Workplace violence prevention really requires a comprehensive view of workplaces and how best to integrate resources, collaborate strategies and coordinate efforts effectively in managing the potentially hostile workplace settings. (Developing Your Comprehensive Workplace Violence Prevention Policy/Plan http://klou.tt/nqurh3tsge5b )
Not wishing to rush to conclusions by questioning how effective or ineffective workplace violence prevention efforts might be, workplaces must review their policies and plans annually and take proactive measures to design an atmosphere where employees see the value of “prevention” through management’s commitment as an investment in their safety and security. In arriving at a proactive methodology the objective is to integrate workplace violence prevention as a seamless “Human Resource Security Initiative”. Workplaces must be critical of their capabilities and limitations by asking tough questions. We must not allow assumptions, convenience, expediency and expectations to dictate management’s decisions, attitudes and disposition. Inappropriate employee conduct (supervisors and managers alike) must be held accountable as part of building credibility and integrity in workplace violence prevention. To do so, we must ask the following questions:
- Do we understand the risks?
- Are we responding properly?
- Do we monitor and track incidents, situations and people?
- How could the incident happen?
- What did we miss that could have prevented the outcome through care, consideration and attentiveness?
- What did we take for granted and why?
- How do we interact or fail to intervene?
As passionate workplace leadership, I know how devoted you are so, I do not presume or pretend I have the right answers but, would ask that senior leaders begin a process TODAY to critically assess and evaluate your respective workplace settings and situations to uncover unknown hazards and resolve known hazards and security gaps. Why wait to answer such questions tomorrow when posed by the media, OSHA or a jury?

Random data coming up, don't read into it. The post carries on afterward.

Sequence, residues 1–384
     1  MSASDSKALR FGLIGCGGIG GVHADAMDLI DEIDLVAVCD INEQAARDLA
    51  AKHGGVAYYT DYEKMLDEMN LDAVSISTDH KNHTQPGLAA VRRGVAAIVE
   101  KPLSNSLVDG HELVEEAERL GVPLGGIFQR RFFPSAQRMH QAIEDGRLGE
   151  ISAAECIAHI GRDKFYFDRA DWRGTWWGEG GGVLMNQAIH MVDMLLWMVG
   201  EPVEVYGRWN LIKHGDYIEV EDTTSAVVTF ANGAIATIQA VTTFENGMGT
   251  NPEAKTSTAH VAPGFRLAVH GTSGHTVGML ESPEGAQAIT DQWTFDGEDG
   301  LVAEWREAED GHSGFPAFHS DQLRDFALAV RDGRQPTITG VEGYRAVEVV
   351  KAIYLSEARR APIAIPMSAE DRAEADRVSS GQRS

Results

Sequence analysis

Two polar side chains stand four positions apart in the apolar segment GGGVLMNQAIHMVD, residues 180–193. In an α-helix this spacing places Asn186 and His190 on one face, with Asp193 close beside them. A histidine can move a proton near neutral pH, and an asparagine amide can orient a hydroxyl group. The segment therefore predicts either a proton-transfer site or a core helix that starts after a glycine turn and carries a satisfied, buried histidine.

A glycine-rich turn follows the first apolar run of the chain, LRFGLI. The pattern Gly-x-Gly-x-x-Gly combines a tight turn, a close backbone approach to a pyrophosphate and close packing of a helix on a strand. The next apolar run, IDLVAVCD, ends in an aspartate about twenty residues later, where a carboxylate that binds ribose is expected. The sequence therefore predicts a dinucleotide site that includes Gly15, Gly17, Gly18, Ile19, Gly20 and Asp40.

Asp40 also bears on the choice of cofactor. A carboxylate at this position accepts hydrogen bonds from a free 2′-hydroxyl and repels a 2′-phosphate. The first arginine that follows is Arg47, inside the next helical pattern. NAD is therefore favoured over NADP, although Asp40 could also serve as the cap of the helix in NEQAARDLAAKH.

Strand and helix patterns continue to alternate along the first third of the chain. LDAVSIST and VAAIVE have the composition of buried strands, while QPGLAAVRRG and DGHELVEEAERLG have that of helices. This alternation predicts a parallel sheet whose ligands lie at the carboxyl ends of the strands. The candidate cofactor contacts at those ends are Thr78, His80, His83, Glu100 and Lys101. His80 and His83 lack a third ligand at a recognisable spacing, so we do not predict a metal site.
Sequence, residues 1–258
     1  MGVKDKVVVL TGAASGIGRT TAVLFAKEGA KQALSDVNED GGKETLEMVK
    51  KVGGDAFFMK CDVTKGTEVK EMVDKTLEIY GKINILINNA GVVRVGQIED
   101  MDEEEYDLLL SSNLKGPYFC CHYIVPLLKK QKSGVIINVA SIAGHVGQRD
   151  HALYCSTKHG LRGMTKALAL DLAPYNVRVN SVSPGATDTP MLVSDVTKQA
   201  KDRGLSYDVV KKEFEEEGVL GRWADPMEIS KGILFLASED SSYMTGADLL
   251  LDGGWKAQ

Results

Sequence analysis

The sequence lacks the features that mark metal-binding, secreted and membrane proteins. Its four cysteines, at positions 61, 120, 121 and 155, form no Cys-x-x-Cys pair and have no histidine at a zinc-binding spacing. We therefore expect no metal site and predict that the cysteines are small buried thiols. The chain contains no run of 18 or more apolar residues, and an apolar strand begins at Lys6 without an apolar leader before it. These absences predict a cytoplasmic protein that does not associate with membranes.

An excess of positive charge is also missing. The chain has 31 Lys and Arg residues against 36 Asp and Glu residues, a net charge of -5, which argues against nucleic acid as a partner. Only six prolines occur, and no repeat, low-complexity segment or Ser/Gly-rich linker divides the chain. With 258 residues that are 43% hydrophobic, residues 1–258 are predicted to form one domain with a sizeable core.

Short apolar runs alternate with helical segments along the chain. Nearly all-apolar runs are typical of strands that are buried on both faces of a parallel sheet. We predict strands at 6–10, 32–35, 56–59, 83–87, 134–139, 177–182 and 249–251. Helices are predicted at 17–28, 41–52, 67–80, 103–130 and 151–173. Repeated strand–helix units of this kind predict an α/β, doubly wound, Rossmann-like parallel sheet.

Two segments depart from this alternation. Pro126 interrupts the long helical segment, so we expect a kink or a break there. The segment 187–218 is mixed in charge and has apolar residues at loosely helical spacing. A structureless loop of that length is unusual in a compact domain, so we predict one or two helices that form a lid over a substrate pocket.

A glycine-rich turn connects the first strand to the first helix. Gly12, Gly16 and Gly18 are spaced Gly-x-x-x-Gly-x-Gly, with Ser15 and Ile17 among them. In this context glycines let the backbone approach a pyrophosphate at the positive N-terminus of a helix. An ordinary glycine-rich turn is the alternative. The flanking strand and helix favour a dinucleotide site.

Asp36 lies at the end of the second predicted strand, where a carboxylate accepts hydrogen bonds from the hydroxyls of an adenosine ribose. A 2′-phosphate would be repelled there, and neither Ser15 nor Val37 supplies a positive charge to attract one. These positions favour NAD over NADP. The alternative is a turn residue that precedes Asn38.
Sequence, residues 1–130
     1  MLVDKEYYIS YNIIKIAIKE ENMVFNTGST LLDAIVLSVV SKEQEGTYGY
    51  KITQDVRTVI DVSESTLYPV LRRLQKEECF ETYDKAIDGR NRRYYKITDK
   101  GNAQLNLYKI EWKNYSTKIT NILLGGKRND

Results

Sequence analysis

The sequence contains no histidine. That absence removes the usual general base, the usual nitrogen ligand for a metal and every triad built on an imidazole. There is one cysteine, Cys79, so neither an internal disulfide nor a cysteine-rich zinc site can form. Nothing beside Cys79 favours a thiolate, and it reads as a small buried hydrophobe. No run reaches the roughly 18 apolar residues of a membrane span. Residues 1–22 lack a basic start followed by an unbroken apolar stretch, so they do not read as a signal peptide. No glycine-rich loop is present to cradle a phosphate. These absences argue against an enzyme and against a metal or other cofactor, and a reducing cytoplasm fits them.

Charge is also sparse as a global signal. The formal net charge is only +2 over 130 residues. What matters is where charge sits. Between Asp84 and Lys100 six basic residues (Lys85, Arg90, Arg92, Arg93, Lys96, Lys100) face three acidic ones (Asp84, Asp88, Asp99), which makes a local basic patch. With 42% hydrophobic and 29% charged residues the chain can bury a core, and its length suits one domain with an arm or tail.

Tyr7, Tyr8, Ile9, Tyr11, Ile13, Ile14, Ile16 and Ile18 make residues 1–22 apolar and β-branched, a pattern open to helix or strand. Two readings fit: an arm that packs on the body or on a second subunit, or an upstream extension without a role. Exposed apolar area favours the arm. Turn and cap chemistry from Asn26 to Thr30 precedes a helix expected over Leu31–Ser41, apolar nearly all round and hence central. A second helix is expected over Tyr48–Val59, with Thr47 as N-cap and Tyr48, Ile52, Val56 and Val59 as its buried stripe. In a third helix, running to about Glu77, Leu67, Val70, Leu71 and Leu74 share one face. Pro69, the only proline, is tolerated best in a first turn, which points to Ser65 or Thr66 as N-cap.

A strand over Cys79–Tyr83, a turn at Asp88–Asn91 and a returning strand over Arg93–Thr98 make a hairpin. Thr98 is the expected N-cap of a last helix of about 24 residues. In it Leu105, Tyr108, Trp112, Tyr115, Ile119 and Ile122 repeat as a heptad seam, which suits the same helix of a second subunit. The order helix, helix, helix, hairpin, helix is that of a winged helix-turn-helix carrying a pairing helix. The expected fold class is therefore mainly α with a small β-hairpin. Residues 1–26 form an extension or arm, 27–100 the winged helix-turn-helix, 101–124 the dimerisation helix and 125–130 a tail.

Through proactive intervention policies and plans the workforce plays a role to enhance their “prevention capability”. In other words the prevention effort acts as a force multiplier when the workforce understand the responsibilities, duties and the impact. Supervision, leadership, policy design and program development and documentation helps to substantiate and validate management’s commitment and fortifies employee trust and credibility in management’s ability to provide for a safe and secure workplace. Remember, having a physical security presence is part of the strategy but not the solution. But, conducting the critical vulnerability assessment can yield gaps that will allow workplaces to efficiently and effectively deploy security forces.
Putting the threat of workplace violence prevention in perspective at your workplace is important. That the number of horrific workplace related events occur infrequently, should not persuade senior leaders, risk managers or human resources to avoid having the discussion and applying appropriate protective measures. There is a need to be prepared for the “WHEN” it happens rather than “IF” it happens. The phrase threat of workplace violence looms mightily means the threat can come from a variety of different threats that include; current employee, former employee, disgruntled customer, client, patient or student, opportunity criminal or the domestic/intimate partner violence spillover into the workplace. I will not scare readers with immaterial statistics not specific to your respective workplaces at this point but, I will implore you to take immediate action to improve your workplace security and workplace violence prevention posture TODAY. It is my experience that workplace violence prevention has to become a human resources security mission. Research shows that employer’s limited resources, misunderstanding of workplace violence prevention and a lack of technical competency may be the challenges encountered rather than a lack of will. This list of reasons may suggest why?
- Denial in terms of we do not have a problem;
- It is resource intensive;
- Why invest in prevention when we can terminate;
- Time is of the essence;
- We lack the staff and support;
- Cost of training and NO ROI;
- The cost of hiring the consultant does not justify the expense.
These reasons however real, imagined or unrealistic to your situation have been chronicled in various surveys conducted by the Department of Labor, American Society of Safety Engineers, ASIS International, Pinkerton and a host of other lesser-known organizations since 1989. Surveys point to a sense of urgency but a confusing investment and response that illustrates a misunderstanding of the potential threat and how best to deploy the resources. Contrary to the commonly held beliefs by most that the topic of workplace violence does not affect my business and as such, it is not my problem can not be further from the truth. It affects people, property, premises and the bottom-line. (The Cost of Workplace Violence Prevention and Awareness http://klou.tt/uykyq1t6b8ji ).